31 Days of Giving Permission . . . TO READ, READ, READ #3

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This marks the 3rd Tuesday since I first offered permission to read, read, read. On each of those days, I have offered a book review for you to consider. Today’s entry was written by a friend and former neighbor and it is lovely.

I think I need to put a disclaimer on this review, right up front: I know Carolyn Weber and I love her. And for some reason, she chose to talk about me in this book. I knew about it ahead of time, even read a chapter or two before publication, but I was still surprised to see my name, right there.

So, that’s out of the way, okay? And the truth of that first paragraph has absolutely NOTHING to do with what I’m about to say, just so we’re all straight about that. 

And here’s what I’m saying: if you like intelligent, lovely, sometimes funny, sometimes achingly honest writing, then this is a book that should go on the top of your stack. This second volume of personal reflections (coming on the heels of the beautiful conversion narrative of “Surprised by Oxford”) picks up her story several years later than the end of volume one. If you’re expecting (or hoping for) descriptions about courtship and wedding, and blissful early years of marriage and teaching, they are not here.

What is here is the story of a transition time in her life, a scary tale of later-in-life pregnancy, labor and delivery, a decision to leave academia and move back to her hometown in Canada, taking a gigantic leap of faith to start over again. It’s a beautiful story, beautifully told. It’s also filled with hard truths, exhaustion, anxiety, disappointment and challenge. And she weaves all of it together with biblical reflection and the ongoing work of the Spirit in the life of a disciple.

Each chapter begins with a life story — a hospital delivery room, journal-writing as therapy, reaching out for help when illness strikes, sitting with a friend for tea, a trip to the beach with her children, a sabbatical move, hiking a mountain trail, a season of struggle in her marriage, a hoped-for new pregnancy and its complications, a prayer walk. And each personal story flows gently into reflection on a biblical story. It’s an interesting amalgam, this memoir/devotional, and I like it very much. Very much, indeed.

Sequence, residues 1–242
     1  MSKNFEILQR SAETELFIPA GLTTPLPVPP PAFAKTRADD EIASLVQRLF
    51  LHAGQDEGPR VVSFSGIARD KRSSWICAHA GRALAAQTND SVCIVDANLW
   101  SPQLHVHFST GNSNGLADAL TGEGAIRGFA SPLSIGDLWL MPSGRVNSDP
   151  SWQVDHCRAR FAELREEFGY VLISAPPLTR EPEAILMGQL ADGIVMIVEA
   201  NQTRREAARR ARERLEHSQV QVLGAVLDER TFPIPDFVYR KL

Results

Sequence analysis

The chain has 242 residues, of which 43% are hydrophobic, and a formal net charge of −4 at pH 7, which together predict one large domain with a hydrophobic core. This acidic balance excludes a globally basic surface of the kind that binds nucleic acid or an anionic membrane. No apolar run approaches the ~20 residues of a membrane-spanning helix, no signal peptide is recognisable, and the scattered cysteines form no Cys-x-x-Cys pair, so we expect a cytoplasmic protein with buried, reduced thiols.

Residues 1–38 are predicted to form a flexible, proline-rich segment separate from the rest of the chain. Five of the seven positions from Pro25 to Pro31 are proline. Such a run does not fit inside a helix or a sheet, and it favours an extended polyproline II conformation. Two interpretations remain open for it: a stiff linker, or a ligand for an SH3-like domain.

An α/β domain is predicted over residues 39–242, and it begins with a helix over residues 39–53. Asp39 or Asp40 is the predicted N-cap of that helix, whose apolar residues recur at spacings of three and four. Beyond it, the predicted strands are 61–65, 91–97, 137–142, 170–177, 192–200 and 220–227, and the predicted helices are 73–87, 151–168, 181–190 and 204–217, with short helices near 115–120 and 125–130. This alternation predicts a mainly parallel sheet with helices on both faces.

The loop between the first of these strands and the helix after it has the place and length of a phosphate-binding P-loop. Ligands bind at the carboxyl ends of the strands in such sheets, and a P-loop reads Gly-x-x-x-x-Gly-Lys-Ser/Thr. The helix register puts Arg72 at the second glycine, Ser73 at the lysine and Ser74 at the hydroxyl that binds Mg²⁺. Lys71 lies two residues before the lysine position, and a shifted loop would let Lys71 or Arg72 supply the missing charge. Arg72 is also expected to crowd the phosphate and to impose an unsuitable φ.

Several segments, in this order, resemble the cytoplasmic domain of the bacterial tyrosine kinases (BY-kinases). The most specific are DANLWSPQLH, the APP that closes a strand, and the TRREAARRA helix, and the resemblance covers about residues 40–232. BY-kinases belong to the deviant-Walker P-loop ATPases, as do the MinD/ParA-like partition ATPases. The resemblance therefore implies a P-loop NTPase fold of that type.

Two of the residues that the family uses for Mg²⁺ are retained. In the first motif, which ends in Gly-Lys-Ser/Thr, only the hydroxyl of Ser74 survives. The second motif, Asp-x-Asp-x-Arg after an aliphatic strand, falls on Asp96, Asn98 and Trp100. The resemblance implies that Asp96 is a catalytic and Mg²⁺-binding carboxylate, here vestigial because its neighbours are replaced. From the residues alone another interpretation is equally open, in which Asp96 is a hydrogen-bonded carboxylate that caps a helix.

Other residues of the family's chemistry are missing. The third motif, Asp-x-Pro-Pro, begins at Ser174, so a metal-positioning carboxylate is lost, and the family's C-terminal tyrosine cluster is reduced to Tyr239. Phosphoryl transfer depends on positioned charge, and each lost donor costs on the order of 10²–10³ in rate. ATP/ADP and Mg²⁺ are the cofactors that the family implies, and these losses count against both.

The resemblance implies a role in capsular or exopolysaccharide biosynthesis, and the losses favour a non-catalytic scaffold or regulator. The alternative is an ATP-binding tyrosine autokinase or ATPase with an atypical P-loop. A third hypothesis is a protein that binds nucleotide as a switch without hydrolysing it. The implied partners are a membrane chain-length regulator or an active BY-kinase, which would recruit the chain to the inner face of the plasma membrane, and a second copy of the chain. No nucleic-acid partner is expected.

Carolyn Weber is a force to be reckoned with, offering a keen intellect, fascinating life experience, and a heart longing after God with every word she writes. I commend this book to you with no hesitation.

Herewith some gems you might enjoy:

“Irreverence begins in not paying attention. And yet, I think, it can also stem from counting too often and too closely. The eternal cannot be insisted into a measurement.” – pg. 61

“Throughout the day, the clock ticks, and I tick with it. A ticking bomb. Sometimes, I am successful at being calm, at being present. At being attentive to the children, the husband, the paperwork, the household chores, the friends, the family, the many gifts, even in demands, around me. But often I am not. I am harried and hurried. I keep time with adrenaline rather than with affection. I multitask and fret and race and miss: there is a rush in the rush, and in doing so, I forget to breathe, the breathing so central to running a race, to giving birth, to inspiring others, to living life itself. . .” pg. 147-148

“Scripture, prayer and fellowship show us, again and again, how we live the heart of the metaphor into the very most real. As a literature professor, I have come to admire how God uses even the most skeptical of secular minds to expose the most sacred of truths; nothing lies beyond the glimmer of his salvation, not even cynicism, which I find to be a shocking grace, in and of itself.” – pg. 157

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  1. i will look forward to this. i recently read “surprised by Oxford.” It’s kind of making the rounds among the readers at our church, which reminds me I need to get mine on to the next person! or at least back to it’s original owner.

  2. Diana, I LOVE the second quote from pp. 147-148, especially these words: “the breathing so central to running a race, to giving birth, to inspiring others, to living life itself.”

    Just stopping right there tonight and pausing to breathe.

    Thank you for sharing this — these words, this review. I’ll definitely be checking out Carolyn’s books.

  3. Hi Diana, I am so honoured that you would review my book! And so touched at your gracious words. Thank you, my friend. But most of all, thank you for modeling to me in my own life what real faith looks like, how it loves and lives. You are such a gift to so many.
    And I LOVE the series – the idea of giving oneself permission to read. I’ve been doing that lately, too, with Christian fiction actually – a new thing for me. Staying up way too late (always the cost of a good read but so worth the additional circles under the eyes!). And I hadn’t thought of my own genre as memoir/devotional – great term! I hadn’t thought of it quite like that before, but yes. Yes, isn’t that what all our days are, should be? You are living proof of how fellowship sustains.

    • Well, of course I would review your book, Caro. And thanks for reading it. Did I ever answer your email?? I’ve thought about it a lot, but I got buried with sick grandkid and mom-visits, and . . . well, you know. I’ll get there. I will.